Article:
Spaghetti Squash Harvest

Community Supported Agriculture—a Recurring Topic in Farm News
Regular readers of Farm News realize that the Community Supported Agriculture model has lost some of its bloom throughout the country. We know this vividly at Angelic Organics in the form of reduced sales, and in the types of feedback we get from certain of our shareholders. Week after week, we at the farm have been thrilled with the boxes we have been packing. Yet, there’s more negativity, suspicion, accusations, and refund requests that have come from shareholders this year than ever before–this during the very best year we’ve ever had for crop yields and quality.

My joy in the CSA model is in providing our shareholders with a relationship to our farm, not just the food that comes from the farm. We humans don’t delight in a child primarily through the grades the child receives at school, or the music awards she garners, or the athletic prowess she exhibits; we delight first and foremost in the child herself. We love the child, nurture the child. The achievements of the child are the overflow, the grace.

A farm is like a child, a tender being which cannot flourish without our guidance and love. My goal is for shareholders to love the Angelic Organics farm, to engage it, to ponder it, to relate to it, and then to benefit and exult in its achievements, such as its abundant, fresh, nutritious food. If the source of the food–the farm–is not witnessed, acknowledged, and celebrated, the food it produces devolves into a commodity, rather than achieving its appropriate status as blessing, as gift, as grace.

A Shareholder Writes In Support of the Farm

John & Amazing Farm Team,

I, too, read your letters and wonder, ‘What are people complaining about?’ Really? I get fresh (sometimes literally just hours off the vine), local, organic produce grown and harvested by incredibly hard working, conscientious and devoted human beings. Does it get better than that?

As one who has labored on a small organic farm, I remember my calloused knees, body drenched with sweat by 10AM July through August, and my never ending itchy arms from harvesting tomatoes. I wouldn’t ever do it again!! I’m sooo grateful for all you do. My box is worth every penny if not more. The smell of the box amazes and refreshes me every week. We’re so privileged. It’s ridiculous.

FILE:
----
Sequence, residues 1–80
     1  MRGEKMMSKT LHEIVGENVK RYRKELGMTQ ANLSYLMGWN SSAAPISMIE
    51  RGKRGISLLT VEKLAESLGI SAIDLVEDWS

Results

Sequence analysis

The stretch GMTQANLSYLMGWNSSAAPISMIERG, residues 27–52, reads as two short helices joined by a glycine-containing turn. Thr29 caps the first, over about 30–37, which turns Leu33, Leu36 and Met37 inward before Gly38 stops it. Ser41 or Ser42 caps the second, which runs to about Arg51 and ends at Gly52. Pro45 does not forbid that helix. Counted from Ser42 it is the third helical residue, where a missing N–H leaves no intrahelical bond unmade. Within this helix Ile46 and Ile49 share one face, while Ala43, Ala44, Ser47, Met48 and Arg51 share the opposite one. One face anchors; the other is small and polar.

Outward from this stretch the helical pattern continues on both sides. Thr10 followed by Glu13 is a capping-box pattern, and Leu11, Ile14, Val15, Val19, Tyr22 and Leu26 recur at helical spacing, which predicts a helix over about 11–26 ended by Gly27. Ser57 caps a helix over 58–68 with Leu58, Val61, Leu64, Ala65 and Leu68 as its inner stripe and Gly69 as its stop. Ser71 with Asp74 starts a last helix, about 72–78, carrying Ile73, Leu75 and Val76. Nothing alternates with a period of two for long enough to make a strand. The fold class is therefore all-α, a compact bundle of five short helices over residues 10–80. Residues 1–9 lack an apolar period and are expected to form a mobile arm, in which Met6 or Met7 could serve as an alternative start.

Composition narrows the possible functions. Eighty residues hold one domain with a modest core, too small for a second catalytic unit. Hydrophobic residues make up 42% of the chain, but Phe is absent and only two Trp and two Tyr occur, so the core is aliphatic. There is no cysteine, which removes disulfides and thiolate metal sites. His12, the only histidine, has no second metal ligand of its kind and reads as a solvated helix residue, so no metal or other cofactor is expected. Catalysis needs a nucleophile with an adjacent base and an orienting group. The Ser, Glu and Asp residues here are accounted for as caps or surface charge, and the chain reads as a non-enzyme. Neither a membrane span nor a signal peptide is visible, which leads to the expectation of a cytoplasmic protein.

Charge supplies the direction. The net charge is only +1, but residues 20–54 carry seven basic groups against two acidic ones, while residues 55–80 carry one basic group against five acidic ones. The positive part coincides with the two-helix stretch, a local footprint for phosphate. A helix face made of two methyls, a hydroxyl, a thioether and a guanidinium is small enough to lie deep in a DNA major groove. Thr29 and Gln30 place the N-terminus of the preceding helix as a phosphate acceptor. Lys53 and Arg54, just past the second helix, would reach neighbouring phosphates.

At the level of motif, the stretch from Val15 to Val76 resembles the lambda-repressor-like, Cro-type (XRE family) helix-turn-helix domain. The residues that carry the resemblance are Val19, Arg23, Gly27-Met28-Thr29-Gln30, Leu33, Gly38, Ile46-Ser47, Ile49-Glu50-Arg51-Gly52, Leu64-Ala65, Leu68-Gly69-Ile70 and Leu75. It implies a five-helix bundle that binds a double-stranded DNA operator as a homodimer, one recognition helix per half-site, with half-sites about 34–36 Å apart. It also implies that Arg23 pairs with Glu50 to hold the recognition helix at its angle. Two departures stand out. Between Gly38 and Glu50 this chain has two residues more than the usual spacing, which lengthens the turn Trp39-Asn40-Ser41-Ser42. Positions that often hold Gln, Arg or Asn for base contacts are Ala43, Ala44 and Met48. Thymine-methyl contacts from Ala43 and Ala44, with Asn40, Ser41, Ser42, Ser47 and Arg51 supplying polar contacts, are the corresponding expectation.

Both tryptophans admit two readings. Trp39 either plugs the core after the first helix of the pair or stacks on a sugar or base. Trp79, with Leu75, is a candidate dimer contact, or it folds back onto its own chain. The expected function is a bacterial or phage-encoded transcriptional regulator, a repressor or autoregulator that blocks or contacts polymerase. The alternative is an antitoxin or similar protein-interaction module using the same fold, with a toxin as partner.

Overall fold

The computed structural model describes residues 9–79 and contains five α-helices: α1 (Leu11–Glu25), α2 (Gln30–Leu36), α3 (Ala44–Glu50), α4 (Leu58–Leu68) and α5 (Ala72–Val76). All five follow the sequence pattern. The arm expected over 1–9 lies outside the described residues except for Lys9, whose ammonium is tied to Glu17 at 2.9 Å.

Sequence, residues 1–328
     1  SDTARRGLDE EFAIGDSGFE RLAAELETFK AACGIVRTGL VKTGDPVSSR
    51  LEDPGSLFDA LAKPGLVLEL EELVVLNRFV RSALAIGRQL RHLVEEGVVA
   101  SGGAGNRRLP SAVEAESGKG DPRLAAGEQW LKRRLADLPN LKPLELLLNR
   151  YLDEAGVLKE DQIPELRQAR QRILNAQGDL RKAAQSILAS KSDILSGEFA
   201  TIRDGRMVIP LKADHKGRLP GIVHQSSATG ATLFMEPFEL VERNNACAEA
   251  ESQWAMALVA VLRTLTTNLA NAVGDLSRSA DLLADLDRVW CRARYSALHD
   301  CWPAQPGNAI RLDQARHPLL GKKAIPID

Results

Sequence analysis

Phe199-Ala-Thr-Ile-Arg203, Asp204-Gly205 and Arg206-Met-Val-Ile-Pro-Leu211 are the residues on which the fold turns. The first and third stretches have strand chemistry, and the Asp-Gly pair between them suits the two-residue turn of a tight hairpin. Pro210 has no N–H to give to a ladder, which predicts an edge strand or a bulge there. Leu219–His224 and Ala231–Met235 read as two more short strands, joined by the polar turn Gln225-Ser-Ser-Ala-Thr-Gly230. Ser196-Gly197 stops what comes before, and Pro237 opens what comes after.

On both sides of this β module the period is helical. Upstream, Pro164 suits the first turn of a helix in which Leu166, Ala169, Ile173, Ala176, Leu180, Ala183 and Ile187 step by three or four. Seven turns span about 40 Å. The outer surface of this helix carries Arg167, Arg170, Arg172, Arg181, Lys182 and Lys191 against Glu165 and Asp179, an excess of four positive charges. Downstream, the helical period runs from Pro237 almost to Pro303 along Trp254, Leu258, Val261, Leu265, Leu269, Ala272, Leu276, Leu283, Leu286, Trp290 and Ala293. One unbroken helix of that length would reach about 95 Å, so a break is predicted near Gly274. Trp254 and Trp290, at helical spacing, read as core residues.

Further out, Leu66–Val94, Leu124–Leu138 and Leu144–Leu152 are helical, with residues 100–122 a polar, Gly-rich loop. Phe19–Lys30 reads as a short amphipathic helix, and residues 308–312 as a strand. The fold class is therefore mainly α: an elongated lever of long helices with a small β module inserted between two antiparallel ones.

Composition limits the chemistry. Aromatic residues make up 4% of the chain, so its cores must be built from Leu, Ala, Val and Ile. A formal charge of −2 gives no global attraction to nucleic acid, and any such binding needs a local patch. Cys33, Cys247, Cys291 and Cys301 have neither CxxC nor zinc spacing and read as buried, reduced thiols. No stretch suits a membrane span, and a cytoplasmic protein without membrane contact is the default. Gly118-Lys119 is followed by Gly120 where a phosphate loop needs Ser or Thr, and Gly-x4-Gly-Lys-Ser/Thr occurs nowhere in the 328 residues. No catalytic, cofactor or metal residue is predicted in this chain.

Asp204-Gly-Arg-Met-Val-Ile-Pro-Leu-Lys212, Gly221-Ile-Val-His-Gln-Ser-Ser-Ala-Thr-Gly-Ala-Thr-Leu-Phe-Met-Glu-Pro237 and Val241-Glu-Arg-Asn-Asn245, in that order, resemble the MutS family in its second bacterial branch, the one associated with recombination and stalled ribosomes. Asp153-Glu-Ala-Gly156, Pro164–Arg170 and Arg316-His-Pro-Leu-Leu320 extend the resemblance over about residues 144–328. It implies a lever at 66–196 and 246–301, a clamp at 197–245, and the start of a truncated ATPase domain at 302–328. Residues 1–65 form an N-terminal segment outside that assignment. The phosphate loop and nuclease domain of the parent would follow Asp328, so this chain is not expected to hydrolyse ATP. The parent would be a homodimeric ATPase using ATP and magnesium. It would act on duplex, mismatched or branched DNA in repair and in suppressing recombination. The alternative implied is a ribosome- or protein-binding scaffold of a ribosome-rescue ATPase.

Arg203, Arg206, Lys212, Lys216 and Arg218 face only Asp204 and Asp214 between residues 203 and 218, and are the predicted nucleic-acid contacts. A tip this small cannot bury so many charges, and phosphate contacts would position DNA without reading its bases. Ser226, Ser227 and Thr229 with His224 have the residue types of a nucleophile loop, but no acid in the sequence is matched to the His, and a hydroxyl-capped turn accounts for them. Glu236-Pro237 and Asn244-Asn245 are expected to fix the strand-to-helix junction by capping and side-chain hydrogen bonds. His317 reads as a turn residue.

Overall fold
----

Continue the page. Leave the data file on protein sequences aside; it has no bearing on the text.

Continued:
Yes, my watermelon was also cracked…but, really, it just prompted me to pop it open and drool with wonderfulness immediately. What’s ANYBODY complaining about? And, really, John, don’t feel any pressure in the future to let us know that it was flat leaf parsley that was in the box rather than curly. That’s just not a detail you need to concern yourself with!!

Dear, Lord, thank you for Angelic Organics.


-Kati Ray

My goal is to provide relationship to our shareholders–connectedness, belonging, intimacy. I cannot force this, but I can encourage it. (I can also request that people source their food elsewhere, if they are not interested in this type of relationship.) When relationship, connectedness and respect are not in place, the traditional consumer/producer model prevails, which is inherently adversarial; the consumer wants to receive more value for less money; the producer wants to provide less value for more money.

Consider that at least 40% of our shareholders do not read Farm News. If they don’t recognize an item in their box, they write the busy farm office to find out what the item is, rather than consult the newsletter. Rather than sign up for the Local Thyme recipe service, they inquire what to do with an unfamiliar vegetable. If they feel they are getting too many tomatoes at the peak of the season, they write the farm to complain, (because they didn’t read a section such as Tomato Windfall above). If they get one cucumber in their box at the end of cucumber season, they write the farm to object to only one cucumber. If tomatoes or sweet corn aren’t in the early boxes, they sometimes inquire as to why. (Some of the comments are actually much more disheartening and outrageous than these; I am reining in my list, so as to avoid emotional overload.) It is really difficult to provide shareholders with an appropriate relationship to their farm or their vegetables if their only experience of the farm is the box itself.